furrycat's guide to SWAT3 console commands

Key mapping
Example macros
Camera cycling

Just like Quake, Half-Life and virtually every other game out there, SWAT3 has a console that you can pull down and use to enter commands to the game. I don't know of any official list of all the commands that are available to you, so looked for human-readable strings in swat.exe and tried out various things to come up with this, the semi-definitive console command guide.

The guide is split into two main parts: a detailed guide to keymapping and macros and then a brief reference of all the console commands I know about.

Before that though, the obligatory introduction.

Entering console mode

If you want to use the console in-game you must launch SWAT3 with the -console option. See the command line arguments guide for details on how to do that. Once you've got the game started, play a mission and press ˜ to pull down the console. To return to the game, press escape.

Game actions and key mapping

Game actions

All of the actions your character can perform in the game have a corresponding command that can be entered from the console. When you configure your keyboard controls from the game menu you are mapping keys to these actions, in the same way as you bind keys to actions in Half-Life.

Many of these actions have two states, which I'll call the "plus state" and "minus state." They might more accurately be called the "active state" and "inactive state" but using plus and minus makes sense because of the way the SWAT3 console works.

Bring up your console and type

btn +up

You will start to move forward. Now type

btn -up

You stop. Hopefully you can now see why I called the two states the plus and minus states. When in the plus state, the action is "in progress" and will continue until it becomes impossible. So, for example, if you did btn +fire you would fire and fire and keep on firing until you ran out of ammo.

Notice how the btn command is needed. I presume that btn just means "button." In any event, it is needed to change the state of a command.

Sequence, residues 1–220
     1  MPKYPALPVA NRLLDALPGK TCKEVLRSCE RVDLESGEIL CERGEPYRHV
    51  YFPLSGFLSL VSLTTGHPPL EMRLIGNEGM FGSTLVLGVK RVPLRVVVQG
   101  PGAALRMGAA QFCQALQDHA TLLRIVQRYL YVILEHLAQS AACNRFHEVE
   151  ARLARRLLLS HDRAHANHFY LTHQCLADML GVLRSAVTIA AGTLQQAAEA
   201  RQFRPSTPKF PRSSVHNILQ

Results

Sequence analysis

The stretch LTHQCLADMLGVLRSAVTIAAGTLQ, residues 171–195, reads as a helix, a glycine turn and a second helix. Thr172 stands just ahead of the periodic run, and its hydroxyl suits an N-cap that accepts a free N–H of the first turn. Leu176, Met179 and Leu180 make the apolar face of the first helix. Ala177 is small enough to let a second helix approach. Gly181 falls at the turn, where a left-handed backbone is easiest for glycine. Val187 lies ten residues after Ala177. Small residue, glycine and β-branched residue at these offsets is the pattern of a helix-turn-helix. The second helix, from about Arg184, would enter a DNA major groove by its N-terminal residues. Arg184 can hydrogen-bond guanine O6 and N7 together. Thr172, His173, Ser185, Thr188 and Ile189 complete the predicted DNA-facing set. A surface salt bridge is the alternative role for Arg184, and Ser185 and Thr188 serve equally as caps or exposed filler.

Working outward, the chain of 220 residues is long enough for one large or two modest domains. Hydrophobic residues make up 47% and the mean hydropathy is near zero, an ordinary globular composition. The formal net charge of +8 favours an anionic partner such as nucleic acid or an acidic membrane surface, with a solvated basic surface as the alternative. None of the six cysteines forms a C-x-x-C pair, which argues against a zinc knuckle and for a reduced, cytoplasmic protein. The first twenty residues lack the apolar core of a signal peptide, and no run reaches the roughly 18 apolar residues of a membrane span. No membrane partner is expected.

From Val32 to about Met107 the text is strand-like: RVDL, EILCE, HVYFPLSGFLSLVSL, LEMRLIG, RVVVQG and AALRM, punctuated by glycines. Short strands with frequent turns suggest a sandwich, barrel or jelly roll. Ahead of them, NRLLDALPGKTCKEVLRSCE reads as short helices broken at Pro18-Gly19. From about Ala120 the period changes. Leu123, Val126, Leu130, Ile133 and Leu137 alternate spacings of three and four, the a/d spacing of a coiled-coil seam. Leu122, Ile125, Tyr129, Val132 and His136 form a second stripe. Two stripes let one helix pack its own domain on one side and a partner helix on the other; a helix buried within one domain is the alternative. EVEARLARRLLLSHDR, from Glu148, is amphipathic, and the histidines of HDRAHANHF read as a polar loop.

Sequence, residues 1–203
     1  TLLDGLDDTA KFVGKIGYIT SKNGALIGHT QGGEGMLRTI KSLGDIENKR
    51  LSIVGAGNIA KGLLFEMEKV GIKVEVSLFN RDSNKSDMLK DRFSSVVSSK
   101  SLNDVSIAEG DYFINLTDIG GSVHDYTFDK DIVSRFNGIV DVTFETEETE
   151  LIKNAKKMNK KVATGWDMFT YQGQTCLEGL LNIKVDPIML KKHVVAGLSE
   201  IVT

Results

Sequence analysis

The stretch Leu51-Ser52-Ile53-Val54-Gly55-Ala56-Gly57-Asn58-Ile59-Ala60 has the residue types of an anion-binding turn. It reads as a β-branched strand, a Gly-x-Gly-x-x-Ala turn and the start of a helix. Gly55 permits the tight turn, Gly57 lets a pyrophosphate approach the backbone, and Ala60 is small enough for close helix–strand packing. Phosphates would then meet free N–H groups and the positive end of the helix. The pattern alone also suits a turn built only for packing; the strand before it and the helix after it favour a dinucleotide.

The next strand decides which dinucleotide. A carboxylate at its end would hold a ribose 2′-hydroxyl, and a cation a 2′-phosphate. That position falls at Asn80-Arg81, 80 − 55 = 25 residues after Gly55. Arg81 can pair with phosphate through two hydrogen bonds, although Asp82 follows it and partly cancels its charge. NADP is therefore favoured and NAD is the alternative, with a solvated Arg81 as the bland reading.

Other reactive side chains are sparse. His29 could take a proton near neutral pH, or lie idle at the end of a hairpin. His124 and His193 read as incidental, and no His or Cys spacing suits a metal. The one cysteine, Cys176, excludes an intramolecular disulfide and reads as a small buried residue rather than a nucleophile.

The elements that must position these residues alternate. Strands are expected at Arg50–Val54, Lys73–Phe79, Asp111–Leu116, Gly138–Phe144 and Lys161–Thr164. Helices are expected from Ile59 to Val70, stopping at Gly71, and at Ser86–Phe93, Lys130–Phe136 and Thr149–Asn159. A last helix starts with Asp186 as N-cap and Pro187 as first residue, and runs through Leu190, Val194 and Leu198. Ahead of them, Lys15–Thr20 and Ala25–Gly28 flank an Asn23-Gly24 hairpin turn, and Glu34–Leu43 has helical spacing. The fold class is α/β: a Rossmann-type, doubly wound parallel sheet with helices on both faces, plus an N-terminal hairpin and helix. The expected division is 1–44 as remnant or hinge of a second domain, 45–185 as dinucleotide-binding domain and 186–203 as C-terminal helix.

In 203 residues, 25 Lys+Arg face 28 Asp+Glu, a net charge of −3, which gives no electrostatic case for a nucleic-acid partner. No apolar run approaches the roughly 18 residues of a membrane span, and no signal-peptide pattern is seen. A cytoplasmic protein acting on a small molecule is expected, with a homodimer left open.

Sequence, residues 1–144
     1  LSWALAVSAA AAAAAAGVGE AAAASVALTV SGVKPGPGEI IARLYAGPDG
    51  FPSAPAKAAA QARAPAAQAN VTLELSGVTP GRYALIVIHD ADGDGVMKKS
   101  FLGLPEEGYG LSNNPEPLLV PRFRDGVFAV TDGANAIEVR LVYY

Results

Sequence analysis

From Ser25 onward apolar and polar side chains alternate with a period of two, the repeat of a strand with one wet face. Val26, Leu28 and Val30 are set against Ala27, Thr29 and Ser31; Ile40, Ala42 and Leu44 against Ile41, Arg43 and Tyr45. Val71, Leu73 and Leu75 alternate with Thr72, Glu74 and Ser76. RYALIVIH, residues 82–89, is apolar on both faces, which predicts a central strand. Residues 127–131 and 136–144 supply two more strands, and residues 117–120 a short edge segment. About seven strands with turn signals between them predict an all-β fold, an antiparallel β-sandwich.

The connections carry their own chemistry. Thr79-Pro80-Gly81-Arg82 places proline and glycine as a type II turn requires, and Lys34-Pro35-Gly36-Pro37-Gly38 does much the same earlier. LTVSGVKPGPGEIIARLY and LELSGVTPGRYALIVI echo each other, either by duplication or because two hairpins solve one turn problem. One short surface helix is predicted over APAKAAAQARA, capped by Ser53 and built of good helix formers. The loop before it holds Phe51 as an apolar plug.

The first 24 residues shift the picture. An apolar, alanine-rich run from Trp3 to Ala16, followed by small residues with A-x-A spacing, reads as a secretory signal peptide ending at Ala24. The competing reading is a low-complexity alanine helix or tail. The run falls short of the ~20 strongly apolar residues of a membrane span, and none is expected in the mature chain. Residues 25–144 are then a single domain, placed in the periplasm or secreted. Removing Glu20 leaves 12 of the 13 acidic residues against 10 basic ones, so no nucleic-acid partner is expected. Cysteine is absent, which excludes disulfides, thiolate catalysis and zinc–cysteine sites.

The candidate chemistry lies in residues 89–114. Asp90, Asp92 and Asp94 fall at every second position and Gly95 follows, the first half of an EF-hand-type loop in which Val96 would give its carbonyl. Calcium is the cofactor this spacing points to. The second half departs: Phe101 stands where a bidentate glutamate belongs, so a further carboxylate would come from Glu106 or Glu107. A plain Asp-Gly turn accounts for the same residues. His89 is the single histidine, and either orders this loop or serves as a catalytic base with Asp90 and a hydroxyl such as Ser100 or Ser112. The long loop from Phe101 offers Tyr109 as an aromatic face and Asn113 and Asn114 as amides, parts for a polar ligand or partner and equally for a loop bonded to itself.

Stateless commands

Some commands happen once and stop. They have a plus state but no minus state, so might be thought of as stateless. An example is btn +usegeneric which is the "use" command that picks up guns, presses buttons, opens doors and so on.

Mapping keys

The command for mapping these actions to keys is cunningly called mapkey. Like the actual commands that will be mapped, the keys themselves have a plus and minus state. To map the right mouse button to moving forward, use the command

mapkey +RMOUSE "btn +up"
mapkey -RMOUSE "btn -up"

If you only mapped +RMOUSE then you would not stop moving forward after you released the mouse button.

If you want, you can remap all of the commands in the game like this and put them in a script (I will describe scripts later) but with Elite Edition this is unnecessary as you can simply edit swat.cfg.


We're starting to drift offtopic here so I'll just briefly swat.cfg. This file, which lives in your SWAT directory, lists all the commands and the keys they're mapped to. For example,


is the same as saying mapkey +S "btn +reload" in the console. How you find out that S is keycode 83 is up to you...

Again, I want to skip over this because there already exists one key remapping program on 10-David and Spac3rat is working on another. I only mention swat.cfg to draw attention to the command names that are listed in it.

Don't worry too much about trying to remap all your keys from the console or even understanding swat.cfg. All of the above is mostly obsolete with Elite Edition but is prerequisite for understanding the real meaty stuff: macros.